“Am I interrupting something?”
“No,” I said hurriedly.
“Yeah,” Lawson replied at the same time.
I took a careful step back and Lawson’s hands fell away.
This was when Lawson and Hawk went into a macho man, death match stare down.
I stepped into the non-verbal, motionless fray before it became verbal and full of motion.
“He just came by to ask me to call if I see or hear from Ginger,” I explained to Hawk.
Hawk’s eyes had cut to me when I spoke but the second I finished, they cut back to Lawson.
“Thought I made myself clear,” he growled.
“You did,” Lawson returned. “But you’ll remember, I didn’t agree.”
“You do not use my woman to make your career,” Hawk went on like Lawson didn’t speak.
I pressed my lips together and got tense mainly because I felt anger, and a lot of it, rolling off Lawson then I heard it in the rumble of his quiet voice.
“Careful,” he warned.
“She is not in this,” Hawk continued. “Ginger doesn’t exist for her. That’s what’s in here and that’s what’s communicated on the street.”
“Last two nights proved that wrong, Hawk, Ginger’s unpredictable and you know it.”
“Right, but any of that shit goes down, it gets communicated through me, not Gwen.”
“She gets desperate,” Lawson started, “and by the way, Ginger Kidd passed desperate about a week ago, she’s gonna make extreme choices. Gwendolyn is in that line of fire. You and your boys are good, Hawk, but you can’t cover her twenty-four, seven and keep your other shit in line.”
“Let me worry about that,” Hawk returned.
“She needs to know what to do,” Lawson replied.
“Yeah, and I’ll tell her,” Hawk shot back.
Another macho man, death match stare down ensued but luckily before it could advance to hand-to-hand combat, Lawson broke the stare down and looked at me.
“You have my card,” he said and I nodded because I did have his card, I just didn’t know what happened to it. He nodded back and finished, “I’ll let myself out.”
Then he leaned into me, right in front of Hawk, bent and kissed the hinge of my jaw, his lips causing goose bumps to rise on my skin.
He lifted his head, looked in my eyes and whispered, “Stay safe, you need anything, even if it’s just to talk, call me.”
His gaze sliced through Hawk then he walked out of the kitchen and into the living room.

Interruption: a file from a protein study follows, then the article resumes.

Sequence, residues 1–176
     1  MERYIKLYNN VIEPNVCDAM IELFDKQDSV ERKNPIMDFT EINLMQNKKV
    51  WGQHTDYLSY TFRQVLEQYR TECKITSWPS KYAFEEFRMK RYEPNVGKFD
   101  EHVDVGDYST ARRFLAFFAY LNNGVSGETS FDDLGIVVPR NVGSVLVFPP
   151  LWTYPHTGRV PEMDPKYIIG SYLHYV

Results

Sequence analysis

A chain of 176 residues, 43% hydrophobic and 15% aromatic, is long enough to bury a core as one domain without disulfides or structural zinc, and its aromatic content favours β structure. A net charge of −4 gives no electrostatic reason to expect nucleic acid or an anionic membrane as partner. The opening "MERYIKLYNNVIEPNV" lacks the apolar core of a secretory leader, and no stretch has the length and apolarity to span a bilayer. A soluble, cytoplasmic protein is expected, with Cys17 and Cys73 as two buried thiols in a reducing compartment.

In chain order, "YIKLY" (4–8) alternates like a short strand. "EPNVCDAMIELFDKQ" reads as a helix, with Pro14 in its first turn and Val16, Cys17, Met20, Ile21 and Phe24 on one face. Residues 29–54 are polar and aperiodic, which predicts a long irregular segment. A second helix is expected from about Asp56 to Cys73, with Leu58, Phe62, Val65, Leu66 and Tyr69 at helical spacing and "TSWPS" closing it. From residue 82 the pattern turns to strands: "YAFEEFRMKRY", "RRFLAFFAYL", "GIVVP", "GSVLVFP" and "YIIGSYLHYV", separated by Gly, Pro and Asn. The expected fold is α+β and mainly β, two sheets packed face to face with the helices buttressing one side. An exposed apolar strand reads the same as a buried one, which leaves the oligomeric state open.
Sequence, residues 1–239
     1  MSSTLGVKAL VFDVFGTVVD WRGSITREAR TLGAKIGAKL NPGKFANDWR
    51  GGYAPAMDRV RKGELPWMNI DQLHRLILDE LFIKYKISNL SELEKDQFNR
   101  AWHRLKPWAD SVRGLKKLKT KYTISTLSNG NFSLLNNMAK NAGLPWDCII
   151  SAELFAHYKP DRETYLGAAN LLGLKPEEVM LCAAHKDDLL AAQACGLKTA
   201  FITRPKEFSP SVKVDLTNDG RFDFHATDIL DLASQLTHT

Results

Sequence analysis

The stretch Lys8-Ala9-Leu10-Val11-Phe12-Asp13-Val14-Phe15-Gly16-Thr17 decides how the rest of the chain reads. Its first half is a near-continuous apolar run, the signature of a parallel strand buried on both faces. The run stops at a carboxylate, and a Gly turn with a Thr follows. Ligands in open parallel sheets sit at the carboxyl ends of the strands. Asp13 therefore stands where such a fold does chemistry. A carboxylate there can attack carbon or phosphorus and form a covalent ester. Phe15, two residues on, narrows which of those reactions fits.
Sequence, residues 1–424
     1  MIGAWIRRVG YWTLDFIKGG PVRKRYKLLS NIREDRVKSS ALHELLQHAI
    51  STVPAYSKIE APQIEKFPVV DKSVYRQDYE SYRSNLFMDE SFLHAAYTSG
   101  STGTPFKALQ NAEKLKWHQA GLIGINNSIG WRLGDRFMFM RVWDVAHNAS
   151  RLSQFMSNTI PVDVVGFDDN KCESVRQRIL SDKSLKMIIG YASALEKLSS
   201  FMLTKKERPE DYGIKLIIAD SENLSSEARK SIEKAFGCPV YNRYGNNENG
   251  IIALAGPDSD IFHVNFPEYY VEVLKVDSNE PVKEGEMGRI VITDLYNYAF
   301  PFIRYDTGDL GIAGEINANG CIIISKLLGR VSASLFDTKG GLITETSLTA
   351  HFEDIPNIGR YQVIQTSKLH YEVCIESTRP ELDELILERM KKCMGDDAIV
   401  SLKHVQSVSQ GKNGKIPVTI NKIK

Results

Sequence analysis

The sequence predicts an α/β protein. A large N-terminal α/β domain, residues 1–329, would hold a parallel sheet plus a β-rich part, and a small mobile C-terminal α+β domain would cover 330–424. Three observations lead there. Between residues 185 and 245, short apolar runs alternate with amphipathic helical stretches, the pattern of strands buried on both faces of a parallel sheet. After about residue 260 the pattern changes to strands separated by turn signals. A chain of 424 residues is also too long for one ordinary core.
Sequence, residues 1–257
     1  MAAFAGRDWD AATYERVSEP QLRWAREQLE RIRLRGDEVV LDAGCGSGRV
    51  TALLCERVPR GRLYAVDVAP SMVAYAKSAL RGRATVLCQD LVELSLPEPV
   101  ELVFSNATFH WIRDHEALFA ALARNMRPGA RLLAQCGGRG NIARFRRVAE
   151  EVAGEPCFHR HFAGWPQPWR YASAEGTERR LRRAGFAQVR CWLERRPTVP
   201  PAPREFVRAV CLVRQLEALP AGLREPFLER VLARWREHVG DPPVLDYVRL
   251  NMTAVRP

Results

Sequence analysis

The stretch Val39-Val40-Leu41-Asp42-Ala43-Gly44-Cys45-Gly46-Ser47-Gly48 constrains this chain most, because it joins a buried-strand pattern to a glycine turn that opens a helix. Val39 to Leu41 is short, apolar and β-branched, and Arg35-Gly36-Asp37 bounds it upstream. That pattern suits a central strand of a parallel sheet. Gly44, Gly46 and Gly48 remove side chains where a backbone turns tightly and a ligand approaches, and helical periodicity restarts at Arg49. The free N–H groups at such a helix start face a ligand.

I watched while practicing deep breathing. Then, slowly, I turned to Hawk to see he hadn’t moved. He was still standing there with his hands to his hips, the Nordstrom’s bag hanging from his fingers, his eyes on me with a look in them that could only be described as un… hap… pee.
The Us You Wanted Us to Be
I stared at Hawk and Hawk stared at me. When his unhappy look didn’t shift, I decided to speak.
“Hey,” I said.
He kept staring at me. Then he moved to the table lifting the Nordstrom’s bag and pulling out a familiar box with the words “Jimmy Choo” on the top. It wasn’t familiar because I owned a box like that, just that I’d seen them the multiple times I’d tried on a pair of Jimmy Choos. He dumped the bag on the table and then put the box on the table. Then he sent it sliding down the table toward me.
As it was shoes, and Jimmy Choo shoes, reflexively I moved fast, my hand carrying my clutch darting out to catch it before something tragic happened, like a pair of Jimmy Choo shoes falling to the floor.
With my hand resting on the box, I looked at Hawk, my heart beating fast.
“What’s this?” I asked.
He dipped his head to the box and growled, “Open it.”
Hmm. Still unhappy.
I dropped my clutch and wrap to the table, picked up the box and opened it.
Then my heart seized.
In it was a pair of silver, watersnake, platform sandals – slim slingback strap, peep toe, four and a half inch spiked heel. Elegant. Gorgeous. Scary expensive.
The shoes Tracy had been hiding in the shoe storeroom at Nordstrom’s for me for the last six weeks. Shoes I wanted so badly I could taste it. Shoes I told myself I would save to afford. Shoes I was never going to buy because I could never afford them, even with Tracy’s discount.
But my mission was to own a pair of Jimmy Choo shoes before I died. Some women had career goals. Some women wanted to be good mothers. Some women wanted to do their bit to save the world. My life goal was owning really beautiful, really expensive shoes.
My eyes lifted to Hawk.
“I don’t understand,” I whispered.
“Those the shoes you wanted?” Hawk asked.
“Yes,” I answered.
“You got ‘em.”
It took some effort but I succeeded in not hyperventilating.
“You bought them for me?” I asked as it hit me. Security system. Panic buttons. Window repair. Shoes that cost over seven hundred dollars.
What was going on?
“You wanted them,” he answered like it was as simple as that.
I felt my head get light. “How? Why?”
“Babe, you gonna put them on or what?”
“How? Why?” I repeated.
He sighed. “Your friend said you had them on hold. I know where your friend works. I sent my girl to find them. She found your girl, your girl got ‘em off hold, I bought ‘em, now they’re here.”
He stopped speaking so I prompted, “That’s the how, what’s the why?”
“Gwen, you wanted them.”
“That’s it?” I asked.
“That’s it,” he confirmed.
“I also want my own personal tropical island paradise,” I told him. “Are you going to get that for me too?”
The unhappy look shifted from his face and his mouth twitched. “That might take awhile.”
I stared at him and my belly felt squishy, my heart felt like it had grown a couple sizes and was threatening to burst out of my chest and something tingly was happening in my throat.
Then I forced out, “I don’t know what to say.”
“Don’t say anything,” he returned. “Just put on the f**kin’ shoes so we can go eat. I’m hungry.”